This is not all you need to know about bonds if you were to become a bond trader because the bond market, which in the United States is over 200 years old, has some odd conventions that do not make much economic sense. Most students will not become professional bond traders, so in the interest of sanity, yours and ours, we will not delve into the intricacies here. (If you do become a bond trader, you will quickly and easily pick up on the conventions anyway.) Our goal here is to understand the basics of PV, FV, yield to maturity (YTM), and, finally, rate of returnA measure of the profitability of an investment that takes into account changes in the value of the bond or other asset.. Students sometimes conflate the last two concepts. The yield to maturity is merely a measure of the interest rate. The rate of return is more a measure of how lucrative an investment is because it accounts for changes in the price of the bond (or other asset, financial or otherwise). More formally,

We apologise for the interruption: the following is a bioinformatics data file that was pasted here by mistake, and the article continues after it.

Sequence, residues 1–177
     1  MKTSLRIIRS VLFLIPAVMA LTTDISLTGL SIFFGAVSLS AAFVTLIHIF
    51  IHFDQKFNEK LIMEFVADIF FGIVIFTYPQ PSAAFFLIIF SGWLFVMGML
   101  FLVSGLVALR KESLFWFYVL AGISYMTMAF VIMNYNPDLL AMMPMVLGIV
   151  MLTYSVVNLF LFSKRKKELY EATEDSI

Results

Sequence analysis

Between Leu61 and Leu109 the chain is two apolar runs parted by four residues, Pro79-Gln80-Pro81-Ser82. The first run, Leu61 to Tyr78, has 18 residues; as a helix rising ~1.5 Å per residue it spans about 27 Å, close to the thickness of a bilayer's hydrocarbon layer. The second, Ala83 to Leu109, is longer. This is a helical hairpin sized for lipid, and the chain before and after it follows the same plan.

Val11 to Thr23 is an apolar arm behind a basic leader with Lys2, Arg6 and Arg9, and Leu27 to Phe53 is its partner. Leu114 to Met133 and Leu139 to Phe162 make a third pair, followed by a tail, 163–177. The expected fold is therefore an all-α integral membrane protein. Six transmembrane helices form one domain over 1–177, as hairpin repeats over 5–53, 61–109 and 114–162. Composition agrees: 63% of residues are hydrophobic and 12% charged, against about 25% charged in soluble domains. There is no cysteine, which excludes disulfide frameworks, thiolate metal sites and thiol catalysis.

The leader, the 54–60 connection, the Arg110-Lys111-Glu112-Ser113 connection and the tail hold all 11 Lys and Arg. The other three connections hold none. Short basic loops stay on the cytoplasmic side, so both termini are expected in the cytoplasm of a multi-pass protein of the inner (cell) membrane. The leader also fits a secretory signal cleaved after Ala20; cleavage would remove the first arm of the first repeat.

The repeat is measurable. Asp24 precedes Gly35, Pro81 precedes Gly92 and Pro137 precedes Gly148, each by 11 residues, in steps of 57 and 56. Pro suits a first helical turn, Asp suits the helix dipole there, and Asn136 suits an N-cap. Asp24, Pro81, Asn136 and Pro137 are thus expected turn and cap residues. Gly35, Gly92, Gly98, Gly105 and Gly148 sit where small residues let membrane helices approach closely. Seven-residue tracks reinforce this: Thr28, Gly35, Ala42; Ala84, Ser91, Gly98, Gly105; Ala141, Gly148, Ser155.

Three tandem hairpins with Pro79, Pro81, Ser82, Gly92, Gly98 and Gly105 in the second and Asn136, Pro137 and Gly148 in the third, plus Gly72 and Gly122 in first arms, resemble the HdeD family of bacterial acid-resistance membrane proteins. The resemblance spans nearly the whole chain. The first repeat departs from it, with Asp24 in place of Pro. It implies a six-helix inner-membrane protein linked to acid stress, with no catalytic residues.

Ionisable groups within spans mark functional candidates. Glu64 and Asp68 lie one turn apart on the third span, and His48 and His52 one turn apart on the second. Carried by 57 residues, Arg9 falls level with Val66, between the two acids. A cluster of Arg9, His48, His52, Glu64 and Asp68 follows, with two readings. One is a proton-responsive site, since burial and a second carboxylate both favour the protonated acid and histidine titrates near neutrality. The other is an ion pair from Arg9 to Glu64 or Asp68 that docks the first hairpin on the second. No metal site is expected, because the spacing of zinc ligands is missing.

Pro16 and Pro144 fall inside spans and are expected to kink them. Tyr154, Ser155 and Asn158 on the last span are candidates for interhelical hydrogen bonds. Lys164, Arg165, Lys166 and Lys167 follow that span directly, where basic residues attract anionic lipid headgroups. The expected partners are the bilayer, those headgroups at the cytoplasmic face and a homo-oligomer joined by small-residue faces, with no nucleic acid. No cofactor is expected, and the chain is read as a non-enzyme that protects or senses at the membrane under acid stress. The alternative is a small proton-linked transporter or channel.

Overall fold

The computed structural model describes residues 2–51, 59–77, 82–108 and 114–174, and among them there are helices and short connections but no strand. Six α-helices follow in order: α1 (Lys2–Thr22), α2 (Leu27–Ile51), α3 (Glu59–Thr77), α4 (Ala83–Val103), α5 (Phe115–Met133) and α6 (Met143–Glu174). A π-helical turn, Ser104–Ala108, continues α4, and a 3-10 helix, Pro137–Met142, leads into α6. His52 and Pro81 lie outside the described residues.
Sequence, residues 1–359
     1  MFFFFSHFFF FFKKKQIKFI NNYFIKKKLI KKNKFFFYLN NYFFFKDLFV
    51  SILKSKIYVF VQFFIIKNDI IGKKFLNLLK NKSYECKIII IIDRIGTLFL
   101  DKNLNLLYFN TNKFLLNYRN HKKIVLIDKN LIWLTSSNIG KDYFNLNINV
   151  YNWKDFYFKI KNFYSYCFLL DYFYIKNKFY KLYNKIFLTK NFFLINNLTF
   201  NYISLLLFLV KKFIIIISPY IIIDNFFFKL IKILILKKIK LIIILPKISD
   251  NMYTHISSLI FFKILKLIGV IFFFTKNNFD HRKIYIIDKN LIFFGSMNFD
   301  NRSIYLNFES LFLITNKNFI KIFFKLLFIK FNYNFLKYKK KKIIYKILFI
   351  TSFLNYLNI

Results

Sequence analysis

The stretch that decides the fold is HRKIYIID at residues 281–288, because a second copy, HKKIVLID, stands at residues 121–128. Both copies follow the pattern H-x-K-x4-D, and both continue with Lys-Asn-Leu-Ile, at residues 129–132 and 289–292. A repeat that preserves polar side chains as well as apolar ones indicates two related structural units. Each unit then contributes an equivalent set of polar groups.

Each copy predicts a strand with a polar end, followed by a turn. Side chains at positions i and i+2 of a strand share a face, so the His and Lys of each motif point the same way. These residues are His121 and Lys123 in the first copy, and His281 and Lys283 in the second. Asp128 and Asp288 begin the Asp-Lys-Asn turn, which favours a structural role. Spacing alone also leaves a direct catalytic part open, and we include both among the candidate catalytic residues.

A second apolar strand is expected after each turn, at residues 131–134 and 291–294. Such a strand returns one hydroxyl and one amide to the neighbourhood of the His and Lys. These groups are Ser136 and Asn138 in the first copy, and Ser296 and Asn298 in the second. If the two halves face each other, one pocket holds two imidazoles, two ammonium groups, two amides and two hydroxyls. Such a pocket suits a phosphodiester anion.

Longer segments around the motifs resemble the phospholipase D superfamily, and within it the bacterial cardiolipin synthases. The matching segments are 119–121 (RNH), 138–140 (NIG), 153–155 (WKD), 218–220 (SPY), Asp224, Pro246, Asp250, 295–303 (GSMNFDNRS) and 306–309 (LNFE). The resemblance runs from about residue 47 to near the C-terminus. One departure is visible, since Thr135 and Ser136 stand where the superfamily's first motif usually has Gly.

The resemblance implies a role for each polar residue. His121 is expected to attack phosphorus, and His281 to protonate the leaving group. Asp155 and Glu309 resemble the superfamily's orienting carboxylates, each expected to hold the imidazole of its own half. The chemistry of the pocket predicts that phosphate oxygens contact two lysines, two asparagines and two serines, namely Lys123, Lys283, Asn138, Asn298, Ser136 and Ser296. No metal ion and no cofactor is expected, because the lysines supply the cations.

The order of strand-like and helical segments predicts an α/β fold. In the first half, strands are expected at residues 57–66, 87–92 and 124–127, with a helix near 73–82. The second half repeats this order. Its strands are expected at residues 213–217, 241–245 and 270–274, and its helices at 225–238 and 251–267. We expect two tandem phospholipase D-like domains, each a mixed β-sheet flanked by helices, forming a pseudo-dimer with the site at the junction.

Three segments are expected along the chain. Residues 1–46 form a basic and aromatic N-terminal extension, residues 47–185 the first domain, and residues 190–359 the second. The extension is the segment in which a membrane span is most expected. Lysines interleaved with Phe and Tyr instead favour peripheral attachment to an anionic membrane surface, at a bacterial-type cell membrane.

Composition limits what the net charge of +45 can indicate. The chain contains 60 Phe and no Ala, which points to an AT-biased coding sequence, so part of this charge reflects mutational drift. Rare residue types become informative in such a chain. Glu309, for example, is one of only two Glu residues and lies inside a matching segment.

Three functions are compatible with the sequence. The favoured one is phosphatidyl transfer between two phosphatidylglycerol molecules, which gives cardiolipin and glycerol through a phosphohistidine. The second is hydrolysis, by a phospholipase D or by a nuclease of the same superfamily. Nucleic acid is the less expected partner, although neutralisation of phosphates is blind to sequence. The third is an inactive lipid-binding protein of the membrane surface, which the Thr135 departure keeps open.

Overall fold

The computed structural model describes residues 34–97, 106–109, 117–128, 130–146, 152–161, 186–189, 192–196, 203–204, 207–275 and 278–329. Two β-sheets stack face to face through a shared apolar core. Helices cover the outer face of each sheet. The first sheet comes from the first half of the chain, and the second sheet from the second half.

R = return from holding the asset for some time period, t0 to t1
Pt0 = the price at time t0 (this can also be thought of as the purchase price)
Pt1 = the price at time t1 (this can also be thought of as the sale or going market price)
C = coupon (or other) payment